By law, a number of tax provisions must be adjusted annually to keep pace with inflation. Before these numbers were adjusted for inflation, taxpayers automatically fell into higher tax brackets as their income rose with the cost of living. This was a stealth tax increase. Those taxpayers were paying more tax on the same "purchasing power." Now, the tax system includes some inflation adjustments to reduce the stealth tax increase.
The IRS has recently announced the inflation adjustments that will go into effect for 2013. These changes are important because they adjust numbers that will affect every taxpayer.
The gift tax annual exclusion amount will be increased from $13,000 in 2012 to $14,000 in 2013. The IRS announced that the cost-of living adjustment had pushed up the exclusion another $1,000. This is the first increase since 2009. For calendar year 2013, the first $14,000 of gifts to any person (other than gifts of future interests in property) are not included in the total amount of taxable gifts under §2503 made during that year.
This cost of living adjustment to the annual exclusion will be small solace to taxpayers if Congress fails to take action on the scheduled drop in the lifetime gift tax exemption from $5,120,000 to $1,000,000 for 2013.
Many are under the impression that this $13,000 ($14,000 next year) is all they are "allowed" to give. Not so. This is a very common misconception.
$13,000 per donee per year is the limit for making gifts and not filing a gift tax return. Note that I said filing a gift tax return, not paying a gift tax. In addition to the $13,000 annual exclusion there is also a life-time exemption from the gift tax. For 2012, the exemption is $5.12 million. That means you can make gifts up to $5.12 million before you have to pay any gift tax. Any exemption remaining when you die can be used as an exemption from the estate tax.
When gifts exceed $13,000 per donee ($14,000 in 2013), a Form 709, Federal Gift Tax Return must be filed. The purpose of filing a Form 709 is to keep track of how much of the lifetime estate and gift tax exemption you have used. For example, if you give you daughter $30,000. $13,000 qualified for the $13,000 annual exclusion. You have made a taxable ("taxable" not "taxed") gift of $17,000. Reporting that gift on Form 709 will show that you now have $5,103,000 of your lifetime exemption remaining to be used. If you make the $30,000 gift in 2013, $14,000 will qualify for the annual exclusion. Since the estate and gift tax exemption falls to $1 million in 2013, your will have $984,000 of your exemption remaining to be used.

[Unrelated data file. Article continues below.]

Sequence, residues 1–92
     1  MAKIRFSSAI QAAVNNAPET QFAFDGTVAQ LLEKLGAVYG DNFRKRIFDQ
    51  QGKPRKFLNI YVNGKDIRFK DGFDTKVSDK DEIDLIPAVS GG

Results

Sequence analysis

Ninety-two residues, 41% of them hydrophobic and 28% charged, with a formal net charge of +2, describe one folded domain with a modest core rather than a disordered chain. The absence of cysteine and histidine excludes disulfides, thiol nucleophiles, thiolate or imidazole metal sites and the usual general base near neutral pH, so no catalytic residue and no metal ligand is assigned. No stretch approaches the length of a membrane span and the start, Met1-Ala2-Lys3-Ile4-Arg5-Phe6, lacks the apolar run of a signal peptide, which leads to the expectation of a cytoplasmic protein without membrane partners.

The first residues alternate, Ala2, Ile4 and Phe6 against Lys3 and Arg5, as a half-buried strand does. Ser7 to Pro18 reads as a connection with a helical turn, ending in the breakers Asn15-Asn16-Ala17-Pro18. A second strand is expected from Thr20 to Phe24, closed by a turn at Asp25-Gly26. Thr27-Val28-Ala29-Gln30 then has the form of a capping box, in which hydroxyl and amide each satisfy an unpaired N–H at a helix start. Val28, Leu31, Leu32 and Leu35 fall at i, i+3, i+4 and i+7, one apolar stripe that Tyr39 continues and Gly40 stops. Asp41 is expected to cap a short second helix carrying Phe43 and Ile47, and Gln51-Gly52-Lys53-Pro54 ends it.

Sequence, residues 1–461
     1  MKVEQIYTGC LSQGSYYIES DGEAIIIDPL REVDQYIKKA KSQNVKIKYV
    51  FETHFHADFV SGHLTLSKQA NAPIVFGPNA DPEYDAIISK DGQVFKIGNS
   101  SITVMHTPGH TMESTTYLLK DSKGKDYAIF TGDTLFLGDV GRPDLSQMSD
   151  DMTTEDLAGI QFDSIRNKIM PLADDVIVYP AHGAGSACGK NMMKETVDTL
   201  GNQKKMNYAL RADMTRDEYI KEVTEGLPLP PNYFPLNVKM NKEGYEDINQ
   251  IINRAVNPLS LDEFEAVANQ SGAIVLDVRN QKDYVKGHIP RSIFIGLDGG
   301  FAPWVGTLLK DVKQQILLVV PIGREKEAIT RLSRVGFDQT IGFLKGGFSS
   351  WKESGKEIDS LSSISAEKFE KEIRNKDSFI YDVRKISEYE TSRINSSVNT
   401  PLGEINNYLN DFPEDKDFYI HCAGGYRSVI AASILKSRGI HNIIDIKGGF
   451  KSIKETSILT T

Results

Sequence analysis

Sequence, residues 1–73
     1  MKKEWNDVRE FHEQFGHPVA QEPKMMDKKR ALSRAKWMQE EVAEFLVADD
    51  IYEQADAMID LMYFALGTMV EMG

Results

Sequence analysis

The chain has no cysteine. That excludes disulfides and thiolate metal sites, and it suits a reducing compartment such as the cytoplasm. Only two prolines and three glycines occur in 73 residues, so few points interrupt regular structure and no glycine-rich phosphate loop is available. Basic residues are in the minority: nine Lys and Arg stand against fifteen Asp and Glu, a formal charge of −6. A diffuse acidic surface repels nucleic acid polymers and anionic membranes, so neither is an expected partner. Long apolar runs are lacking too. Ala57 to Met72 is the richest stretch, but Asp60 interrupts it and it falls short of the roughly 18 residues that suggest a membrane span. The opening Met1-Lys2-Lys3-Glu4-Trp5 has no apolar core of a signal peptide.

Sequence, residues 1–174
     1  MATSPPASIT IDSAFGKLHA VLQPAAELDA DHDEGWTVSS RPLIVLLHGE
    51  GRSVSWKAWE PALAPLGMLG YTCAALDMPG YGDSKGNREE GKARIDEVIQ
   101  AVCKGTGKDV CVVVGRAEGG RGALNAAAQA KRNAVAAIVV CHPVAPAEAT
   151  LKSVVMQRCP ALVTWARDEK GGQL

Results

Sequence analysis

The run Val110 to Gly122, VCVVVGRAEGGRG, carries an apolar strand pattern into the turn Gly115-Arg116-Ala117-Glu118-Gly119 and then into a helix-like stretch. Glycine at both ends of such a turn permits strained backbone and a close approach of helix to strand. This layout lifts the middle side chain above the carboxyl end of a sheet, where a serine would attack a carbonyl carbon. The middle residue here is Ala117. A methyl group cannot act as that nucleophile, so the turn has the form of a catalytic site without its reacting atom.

Here are some of the other important inflation adjustments from the IRS:
- The contribution limit for employees who participate in 401(k), 403(b) and some other plans will increase to $17,500 from $17,000. The "catch-up" contribution limit for workers age 50 and above remains unchanged, at $5,500.
- For taxpayers making deductible contributions to traditional individual retirement accounts, the upper income limit rises to $115,000 from $112,000 for married couples filing jointly ($69,000 for singles) if the worker is covered by a workplace retirement plan.
- For an IRA contributor who is not covered by a workplace retirement plan and is married to someone who is covered, the upper income limit rises to $188,000 of modified adjusted gross income (AGI) from $183,000.
- For taxpayers making contributions to a Roth IRA, the upper income limit is $188,000 of AGI for married couples filing jointly ($127,000 for singles), up from $183,000 in 2012.
- The amount used to reduce the net unearned income reported on a child's tax return subject to the "kiddie tax," is $1,000, up from $950 for 2012.
- The foreign earned income exclusion rises to $97,600, up from $95,100 in 2012.
- The annual exclusion for gifts to a spouse who is not a citizen of the United States increases to $143,000 for 2013, up from $139,000 in 2012.
- If you have a health savings account (similar to a medical IRA), you must pair it with a high deductible health plan. For 2013, the deductible for single coverage must range from $1,250 to $3,250 with an annual out-of-pocket maximum of $6,250. For family coverage, the deductible range is $2,500 to $6,450 with an annual out-of-pocket maximum of $12,500.
The Social Security Administration announced that the Social Security wage base for 2013 will be $113,700 (up from $110,100 in 2012).